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Nice that you keep such records.  I do find that when I bother to keep notes (I should keep better notes than I do) that the older I get, the less reliable my memory is - especially after the damage having Lyme Disease did to  me.  So I /really/ need to make myself get better with my record keeping again.  Thankfully my kiln controllers keep records for me to some degree - how many firings, what cones I fired to, etc.   I lost all of my old hand written records and tests that I so painstakingly kept when I started with my own kilns back in 2003 during my long illness, alas.  So I have had to start all over with my records when I got my kilns out of long term storage just about three years ago now.

I do love my kiln controllers.  Program in what I want, then walk away!  Especially for those long, slow, ramped cool downs that my work sometimes requires.  I completely agree with Denice - it makes it so  much less worrisome and you don't have to fret about forgetting something crucial that could ruin your whole load!  Especially in my case where any single piece I'm working on is worth thousands of dollars!   We are also active with our local volunteer fire department and do a LOT of Search & Rescue up here in this wilderness.  So I often have to leave the studio for unknown number of hours without warning at the drop of a hat.

An electronic kiln controller is also nice where I live because the power goes out ALL OF THE BLOODY TIME.  If the temp doesn't drop more than 250 degrees F by the time my electricity comes back on, the kiln controller will simply resume the firing schedule without missing a beat.  Whew!  Long gone are the days I have to restart my firing schedule from scratch every time that happens!  I'm working on installing a turbine along our creek so we'll have backup power off grid.  A battery backup or generator just isn't good enough with as often as our power goes out in these mountains.  I guess that's not a problem for you if you are using gas kilns!  It's not an issue for our gas stove at least.  It's a rain forest up here and we get huge amounts of rain, lots of storms.

Man, I so wish I could teleport around and visit your studio!  I would especially love to see ceramics studios in the UK.  So nice to get a 'sneak peek' into what you are doing and how much you fire in a year, Mark.  Thanks for sharing it with us.   Where as if I get more than a couple of pieces done a month I'm on a roll!  But I also do a million other things too.  Sculpting, mold making, resin editions, oil painting,  etc and not just ceramics.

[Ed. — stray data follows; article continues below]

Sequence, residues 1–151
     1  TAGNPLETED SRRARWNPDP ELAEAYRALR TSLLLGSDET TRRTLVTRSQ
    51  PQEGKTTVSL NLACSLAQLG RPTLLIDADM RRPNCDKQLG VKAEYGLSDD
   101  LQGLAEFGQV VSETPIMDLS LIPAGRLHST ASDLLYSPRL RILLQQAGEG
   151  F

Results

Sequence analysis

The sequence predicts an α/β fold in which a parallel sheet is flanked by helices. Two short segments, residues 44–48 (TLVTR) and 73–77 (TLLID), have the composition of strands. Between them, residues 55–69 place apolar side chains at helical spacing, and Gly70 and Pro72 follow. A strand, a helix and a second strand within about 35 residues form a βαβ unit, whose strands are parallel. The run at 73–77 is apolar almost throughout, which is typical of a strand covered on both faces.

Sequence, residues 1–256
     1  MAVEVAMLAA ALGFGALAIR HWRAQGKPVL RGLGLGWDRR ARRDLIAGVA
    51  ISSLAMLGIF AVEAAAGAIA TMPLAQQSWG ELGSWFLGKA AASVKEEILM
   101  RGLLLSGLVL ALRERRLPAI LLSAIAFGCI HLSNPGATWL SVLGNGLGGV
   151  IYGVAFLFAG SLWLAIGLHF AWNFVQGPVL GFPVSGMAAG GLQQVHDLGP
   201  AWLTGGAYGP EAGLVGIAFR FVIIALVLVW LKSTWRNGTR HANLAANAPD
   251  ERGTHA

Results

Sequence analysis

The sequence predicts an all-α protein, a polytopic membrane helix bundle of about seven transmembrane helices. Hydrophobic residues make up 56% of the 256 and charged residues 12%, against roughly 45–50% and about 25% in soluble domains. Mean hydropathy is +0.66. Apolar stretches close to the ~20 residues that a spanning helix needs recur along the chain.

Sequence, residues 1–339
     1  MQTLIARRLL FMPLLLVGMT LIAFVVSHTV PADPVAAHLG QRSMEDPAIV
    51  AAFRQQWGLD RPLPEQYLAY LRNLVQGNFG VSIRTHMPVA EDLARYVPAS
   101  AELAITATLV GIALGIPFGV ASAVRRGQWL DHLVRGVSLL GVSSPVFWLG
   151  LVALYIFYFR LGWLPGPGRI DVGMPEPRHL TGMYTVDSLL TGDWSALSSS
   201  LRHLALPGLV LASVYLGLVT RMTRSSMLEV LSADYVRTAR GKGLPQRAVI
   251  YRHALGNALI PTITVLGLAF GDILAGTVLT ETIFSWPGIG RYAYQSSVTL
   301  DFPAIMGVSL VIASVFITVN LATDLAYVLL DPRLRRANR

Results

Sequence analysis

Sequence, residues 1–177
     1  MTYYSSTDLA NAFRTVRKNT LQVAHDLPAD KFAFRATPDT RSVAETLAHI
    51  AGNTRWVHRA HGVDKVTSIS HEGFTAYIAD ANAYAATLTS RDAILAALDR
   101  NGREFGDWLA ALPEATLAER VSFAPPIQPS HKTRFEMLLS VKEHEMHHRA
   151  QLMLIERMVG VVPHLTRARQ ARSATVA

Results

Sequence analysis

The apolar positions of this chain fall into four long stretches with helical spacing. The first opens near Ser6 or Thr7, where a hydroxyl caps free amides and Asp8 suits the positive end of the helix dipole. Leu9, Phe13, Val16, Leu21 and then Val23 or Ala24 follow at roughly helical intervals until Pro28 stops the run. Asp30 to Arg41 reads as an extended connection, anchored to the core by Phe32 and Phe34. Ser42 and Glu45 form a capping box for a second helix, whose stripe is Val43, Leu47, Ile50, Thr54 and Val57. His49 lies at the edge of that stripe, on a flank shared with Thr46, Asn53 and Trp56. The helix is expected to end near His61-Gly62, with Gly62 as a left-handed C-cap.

Edited by Hyn Patty
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We lose our power about once a month  fifteen minutes to a hour.   The controller takes over and finishes the firing when the electricity comes back on.   We lost our power for two days when a tornado was close to us.   We were having some ceiling work done recently and the sheet rocker told us he could see daylight from the roof.   We had a roofer out and he said that our tile roof had been lifted and dropped by the tornado,  we probably need a new roof.  Finding a roofer is another problem,  there was 1000 buildings damaged or destroyed in that tornado.   The roofer never came back to fix the holes,   we  had a handyman do it.    Denice

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Mark, you may be slowing down but the production, even in “retirement mode,” blows my mind. I don’t know many potters, because in some corner of my mind it’s a title. You are a Potter. Rare breed, I think.

Along with others, I’m grateful you share your experience and expertise.